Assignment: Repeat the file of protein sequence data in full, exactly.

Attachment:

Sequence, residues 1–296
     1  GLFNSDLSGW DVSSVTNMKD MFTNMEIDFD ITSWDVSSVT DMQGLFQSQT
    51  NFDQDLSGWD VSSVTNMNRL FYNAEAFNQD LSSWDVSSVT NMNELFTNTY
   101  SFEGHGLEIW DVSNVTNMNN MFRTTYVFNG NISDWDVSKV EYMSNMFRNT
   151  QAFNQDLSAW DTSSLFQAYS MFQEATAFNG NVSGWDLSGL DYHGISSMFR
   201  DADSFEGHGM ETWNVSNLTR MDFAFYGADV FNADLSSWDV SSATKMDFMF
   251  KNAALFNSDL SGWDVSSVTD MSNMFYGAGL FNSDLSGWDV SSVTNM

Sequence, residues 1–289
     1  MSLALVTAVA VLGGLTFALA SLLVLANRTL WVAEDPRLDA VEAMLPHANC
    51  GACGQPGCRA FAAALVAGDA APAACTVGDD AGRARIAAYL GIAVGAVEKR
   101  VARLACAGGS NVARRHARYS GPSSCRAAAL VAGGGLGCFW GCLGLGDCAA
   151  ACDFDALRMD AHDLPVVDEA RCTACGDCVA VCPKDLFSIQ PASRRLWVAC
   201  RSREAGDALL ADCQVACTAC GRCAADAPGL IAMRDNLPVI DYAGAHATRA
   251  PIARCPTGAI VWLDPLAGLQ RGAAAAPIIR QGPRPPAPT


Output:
Sequence, residues 1–296
     1  GLFNSDLSGW DVSSVTNMKD MFTNMEIDFD ITSWDVSSVT DMQGLFQSQT
    51  NFDQDLSGWD VSSVTNMNRL FYNAEAFNQD LSSWDVSSVT NMNELFTNTY
   101  SFEGHGLEIW DVSNVTNMNN MFRTTYVFNG NISDWDVSKV EYMSNMFRNT
   151  QAFNQDLSAW DTSSLFQAYS MFQEATAFNG NVSGWDLSGL DYHGISSMFR
   201  DADSFEGHGM ETWNVSNLTR MDFAFYGADV FNADLSSWDV SSATKMDFMF
   251  KNAALFNSDL SGWDVSSVTD MSNMFYGAGL FNSDLSGWDV SSVTNM

Sequence, residues 1–289
     1  MSLALVTAVA VLGGLTFALA SLLVLANRTL WVAEDPRLDA VEAMLPHANC
    51  GACGQPGCRA FAAALVAGDA APAACTVGDD AGRARIAAYL GIAVGAVEKR
   101  VARLACAGGS NVARRHARYS GPSSCRAAAL VAGGGLGCFW GCLGLGDCAA
   151  ACDFDALRMD AHDLPVVDEA RCTACGDCVA VCPKDLFSIQ PASRRLWVAC
   201  RSREAGDALL ADCQVACTAC GRCAADAPGL IAMRDNLPVI DYAGAHATRA
   251  PIARCPTGAI VWLDPLAGLQ RGAAAAPIIR QGPRPPAPT